New report: DHS agencies must increase coordination to ensure energy sector resiliency

Published on September 12, 2022 by Kim Riley

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Two agencies overseen by the U.S. Department of Homeland Security (DHS) could improve their efforts to ensure resiliency in America’s energy sector by ramping up coordination, according to a new report issued by the DHS Office of the Inspector General (OIG).

The report delves into energy sector coordination that should take place between the Cybersecurity and Infrastructure Security Agency (CISA) and the Federal Emergency Management Agency (FEMA). CISA is the nationwide coordinator and facilitator of information related to critical infrastructure security and resilience, while FEMA coordinates federal disaster response and recovery.

“These two roles run parallel within the energy sector and during federal disaster response operations,” according to the DHS OIG Sept. 2 report, CISA and FEMA Can Improve Coordination Efforts to Ensure Energy Sector Resilience. “However, CISA and FEMA have not developed a comprehensive strategy to coordinate and prioritize their energy sector activities.”

According to the report, the agencies could improve the effectiveness of their coordination efforts before, during, and after power outages by implementing the U.S. Government Accountability Office’s (GAO) leading practices and other key mechanisms for collaboration.

These include: ensuring energy sector efforts are mutually reinforcing; establishing compatible energy sector policies, procedures, and other means to operate across agency boundaries; and regularly updating and monitoring written energy sector agreements.

“CISA and FEMA have not focused on these areas because they have been working on other priorities for their respective missions,” according to the report. “Nonetheless, it is imperative that CISA and FEMA coordinate efficiently and effectively to reduce the likelihood of power outages and, in the case of an incident, to restore and stabilize infrastructure-related services in affected areas.”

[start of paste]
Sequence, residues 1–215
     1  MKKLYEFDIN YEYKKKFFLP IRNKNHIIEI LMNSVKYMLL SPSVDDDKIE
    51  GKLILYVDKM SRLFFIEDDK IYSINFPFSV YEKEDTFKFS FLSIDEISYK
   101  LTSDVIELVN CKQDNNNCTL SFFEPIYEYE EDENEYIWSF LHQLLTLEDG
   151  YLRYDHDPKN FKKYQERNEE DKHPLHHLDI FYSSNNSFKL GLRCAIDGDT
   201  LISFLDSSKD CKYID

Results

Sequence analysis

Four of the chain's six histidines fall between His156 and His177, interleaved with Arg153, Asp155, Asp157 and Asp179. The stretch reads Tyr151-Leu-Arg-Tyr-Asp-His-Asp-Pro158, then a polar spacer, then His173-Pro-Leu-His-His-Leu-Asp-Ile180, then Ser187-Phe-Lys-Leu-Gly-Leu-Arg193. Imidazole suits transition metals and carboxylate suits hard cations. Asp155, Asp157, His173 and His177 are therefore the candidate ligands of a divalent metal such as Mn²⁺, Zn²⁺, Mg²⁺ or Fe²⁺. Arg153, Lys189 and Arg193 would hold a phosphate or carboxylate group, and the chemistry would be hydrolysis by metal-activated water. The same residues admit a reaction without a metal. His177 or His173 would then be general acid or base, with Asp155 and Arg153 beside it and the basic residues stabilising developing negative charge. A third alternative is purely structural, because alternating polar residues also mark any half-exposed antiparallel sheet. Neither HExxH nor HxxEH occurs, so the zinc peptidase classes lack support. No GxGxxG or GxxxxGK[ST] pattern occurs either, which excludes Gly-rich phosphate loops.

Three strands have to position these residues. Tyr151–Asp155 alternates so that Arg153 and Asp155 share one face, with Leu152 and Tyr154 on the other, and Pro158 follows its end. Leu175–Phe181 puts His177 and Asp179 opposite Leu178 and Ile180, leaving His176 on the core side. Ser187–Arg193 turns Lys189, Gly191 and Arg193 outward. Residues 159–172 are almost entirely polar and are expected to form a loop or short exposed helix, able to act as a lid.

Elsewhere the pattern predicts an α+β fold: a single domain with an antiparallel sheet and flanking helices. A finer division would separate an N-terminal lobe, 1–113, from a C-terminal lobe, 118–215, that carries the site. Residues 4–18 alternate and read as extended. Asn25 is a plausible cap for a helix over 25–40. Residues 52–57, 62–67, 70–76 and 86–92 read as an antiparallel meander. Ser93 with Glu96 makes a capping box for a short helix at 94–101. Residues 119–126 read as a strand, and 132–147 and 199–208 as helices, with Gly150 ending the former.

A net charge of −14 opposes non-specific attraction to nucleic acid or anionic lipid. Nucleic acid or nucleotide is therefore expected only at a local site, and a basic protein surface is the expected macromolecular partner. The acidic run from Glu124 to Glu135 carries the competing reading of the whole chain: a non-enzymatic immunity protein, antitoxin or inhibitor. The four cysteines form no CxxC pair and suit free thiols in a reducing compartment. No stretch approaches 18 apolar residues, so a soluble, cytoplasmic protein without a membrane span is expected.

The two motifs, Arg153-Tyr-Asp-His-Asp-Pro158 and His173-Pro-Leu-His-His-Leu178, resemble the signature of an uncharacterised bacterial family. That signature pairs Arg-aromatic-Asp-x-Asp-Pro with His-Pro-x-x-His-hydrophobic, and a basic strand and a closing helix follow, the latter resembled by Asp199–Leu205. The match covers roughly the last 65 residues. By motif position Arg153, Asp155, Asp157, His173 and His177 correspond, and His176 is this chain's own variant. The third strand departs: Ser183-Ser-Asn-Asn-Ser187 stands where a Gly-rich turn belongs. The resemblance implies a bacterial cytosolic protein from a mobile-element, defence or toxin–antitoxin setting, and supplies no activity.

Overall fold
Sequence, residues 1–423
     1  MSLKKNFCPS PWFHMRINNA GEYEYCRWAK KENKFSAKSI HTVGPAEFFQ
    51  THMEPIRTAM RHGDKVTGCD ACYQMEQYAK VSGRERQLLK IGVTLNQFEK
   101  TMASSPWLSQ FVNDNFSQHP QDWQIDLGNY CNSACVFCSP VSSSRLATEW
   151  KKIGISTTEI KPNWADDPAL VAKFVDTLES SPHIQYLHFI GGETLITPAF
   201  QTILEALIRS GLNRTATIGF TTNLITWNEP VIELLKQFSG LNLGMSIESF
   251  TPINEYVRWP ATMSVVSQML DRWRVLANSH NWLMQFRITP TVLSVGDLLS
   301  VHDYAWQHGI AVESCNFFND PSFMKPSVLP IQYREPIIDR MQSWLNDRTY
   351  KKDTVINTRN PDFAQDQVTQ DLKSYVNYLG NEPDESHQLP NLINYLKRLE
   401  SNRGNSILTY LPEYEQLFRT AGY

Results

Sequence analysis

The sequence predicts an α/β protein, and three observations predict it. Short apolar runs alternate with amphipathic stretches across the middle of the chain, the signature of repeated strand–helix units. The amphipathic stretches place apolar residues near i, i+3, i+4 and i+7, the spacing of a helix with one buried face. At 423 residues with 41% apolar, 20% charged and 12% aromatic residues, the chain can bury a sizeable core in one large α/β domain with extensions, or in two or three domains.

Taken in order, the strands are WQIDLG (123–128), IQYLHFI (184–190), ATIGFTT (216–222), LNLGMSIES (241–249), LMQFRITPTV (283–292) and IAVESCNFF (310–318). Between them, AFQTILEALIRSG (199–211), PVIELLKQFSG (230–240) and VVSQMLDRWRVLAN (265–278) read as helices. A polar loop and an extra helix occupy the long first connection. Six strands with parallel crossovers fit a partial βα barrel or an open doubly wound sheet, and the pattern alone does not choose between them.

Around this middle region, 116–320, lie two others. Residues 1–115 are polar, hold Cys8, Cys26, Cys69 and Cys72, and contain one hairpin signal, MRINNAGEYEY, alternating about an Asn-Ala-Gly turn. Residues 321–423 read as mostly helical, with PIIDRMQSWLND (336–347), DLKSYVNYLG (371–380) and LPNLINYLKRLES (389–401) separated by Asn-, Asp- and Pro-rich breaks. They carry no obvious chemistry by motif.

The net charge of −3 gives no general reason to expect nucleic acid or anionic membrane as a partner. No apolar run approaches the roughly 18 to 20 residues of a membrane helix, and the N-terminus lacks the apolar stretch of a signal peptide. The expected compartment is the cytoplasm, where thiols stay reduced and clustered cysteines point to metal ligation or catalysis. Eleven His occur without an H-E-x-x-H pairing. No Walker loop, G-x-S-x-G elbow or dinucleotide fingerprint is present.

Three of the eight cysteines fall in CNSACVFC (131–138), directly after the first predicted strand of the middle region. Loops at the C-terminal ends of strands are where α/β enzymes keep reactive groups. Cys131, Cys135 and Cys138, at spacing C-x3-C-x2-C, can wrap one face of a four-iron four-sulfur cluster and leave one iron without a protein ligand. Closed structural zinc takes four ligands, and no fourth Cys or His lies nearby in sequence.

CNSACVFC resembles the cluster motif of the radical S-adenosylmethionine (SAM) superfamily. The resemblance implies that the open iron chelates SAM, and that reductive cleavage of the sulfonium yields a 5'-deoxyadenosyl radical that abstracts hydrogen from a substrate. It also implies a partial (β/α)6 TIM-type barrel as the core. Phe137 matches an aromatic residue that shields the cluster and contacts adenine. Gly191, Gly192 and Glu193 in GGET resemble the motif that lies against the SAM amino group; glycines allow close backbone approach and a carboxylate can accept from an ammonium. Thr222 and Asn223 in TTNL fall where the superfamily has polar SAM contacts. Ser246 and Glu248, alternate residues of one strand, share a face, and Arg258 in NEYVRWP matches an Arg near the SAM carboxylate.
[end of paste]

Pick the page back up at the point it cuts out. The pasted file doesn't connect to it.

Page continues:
The DHS OIG conducted an audit for the report because multiple disasters in recent years — including the 2021 winter storms in Texas — have exposed challenges and concerns America’s energy sector faces in preventing and responding to incidents.

With a focus on the nation’s electricity sub-sector, the report’s scope includes a review of FEMA’s and CISA’s coordination with critical infrastructure partners before, during, and after disasters that occurred between 2017 and 2021 and involved power outages.

“We conducted this audit to determine to what extent CISA’s and FEMA’s coordination efforts identify, monitor, and address energy sector concerns,” the DHS OIG said.

Specifically, to improve CISA’s and FEMA’s coordination efforts toward ensuring energy sector resilience, the DHS OIG made three recommendations:

  1. The CISA director and FEMA administrator should develop and document a comprehensive and adaptive framework ensuring collaboration between DHS components in support of energy sector activities, including procedures to periodically monitor and update DHS energy sector activities to ensure progress toward achieving common goals and outcomes; and identify relevant participants and eliminate challenges to data sharing.
  2. The CISA director and FEMA administrator should each review and update key guidance in support of energy sector and disaster response activities to ensure it is current, relevant, and consistent, and the agencies should work with the Sector Risk Management Agency to ensure DHS energy sector policies, procedures, and guidance are compatible and do not contain conflicting terminology.
  3. The CISA executive assistant director for cybersecurity should coordinate with the U.S. Department of Energy (DOE) and the U.S. Department of Defense to review and update the Pathfinder Initiative memorandum of understanding, as needed, to ensure the information is shared and interagency collaboration outcomes are met.

Likewise, the report notes that CISA and FEMA also would benefit from preparing a comprehensive and adaptive framework for their energy sector activities and ensuring their goals are aligned with those set by the DOE.

“Without such a plan, DHS risks losing important data that would strengthen energy sector relationships, programs, and outcomes,” the report says.

DHS concurred with all three of the OIG’s recommendations and will work to implement them.